The Right Altitude

May Snow

A week ago I posted Wisteria photo taken the same day, so enamoured I was of its floriferous and fragrant presence. I called it a mature spring dream.

Today, just one week later I had the opportunity to observe a unique scientific reality—that is—higher elevations have cooler temperatures. And that dramatically affects the visual coming of spring.

I live in essentially the same easting and northing for the Wisteria photo and these weather photos below. All have been taken within a 5 mile by 5 mile square on a map. I can observe the weather at 500 meters above sea level—the Wisteria–no snow fall at all–only a cold spring rain.

And I can observe the weather at 1,500 meters above sea level which I did today. My easy access to these very different elevations is possible due to the well developed cog-wheel train system in operation year round in all weather conditions.

Today, at 1,500 meters and higher, I saw no crocus, no dandelion, no green. But I did have the joyous fun of a snowfall in mid Spring—large flakes in blizzard-like conditions up to 12” deep and sticking to all coniferous and deciduous trees and shrubs.

Good fun.

…high…

800 meters above sea level–at this elevation there was no snowfall but you can see the dynamic cloud activity–up the faces of the cliffs–along the  valley floor–and the entire valley is covered and darkened by the low overcast.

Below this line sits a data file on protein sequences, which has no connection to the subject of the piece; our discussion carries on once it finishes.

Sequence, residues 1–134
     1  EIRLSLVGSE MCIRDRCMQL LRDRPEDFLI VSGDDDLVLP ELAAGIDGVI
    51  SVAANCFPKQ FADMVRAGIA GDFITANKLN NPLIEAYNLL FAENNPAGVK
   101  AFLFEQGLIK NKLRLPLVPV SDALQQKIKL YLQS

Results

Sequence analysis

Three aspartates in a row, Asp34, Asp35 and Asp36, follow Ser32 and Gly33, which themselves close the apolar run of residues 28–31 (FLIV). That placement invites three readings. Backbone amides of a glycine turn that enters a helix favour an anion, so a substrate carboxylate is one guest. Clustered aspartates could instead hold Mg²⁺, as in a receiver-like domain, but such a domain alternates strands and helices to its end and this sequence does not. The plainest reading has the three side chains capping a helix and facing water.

…higher…

1,500 meters above sea level–at this elevation I have entered the low overcast layer that caused the reduced light at 800 meters. Inside the overcast layer was snowing.

 

…highest…

2,300 meters above sea level–at this level I have risen above the first overcast snowing and am now in snowfall from a higher overcast. This is where 12″ of snow had already fallen and the snow was still falling. A cog-wheel train at left.

 

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2 thoughts on “The Right Altitude

  1. Loved the drama of the 800 metres shot as well as the reminders of the difference altitude made. One summer by Lake Garda we were treated to that stark difference going by cable car up the 2km high Monte Baldo; and even in less extreme height differences in Wales (the Preseli Hills and the Brecon Beacons National Park) we’ve been constantly reminded of those temperature changes in winter — from 250 to 500 metres or from 60 metres to 700 metres — by a topping of snow when viewed from relatively mild conditions below.

    Liked by 1 person

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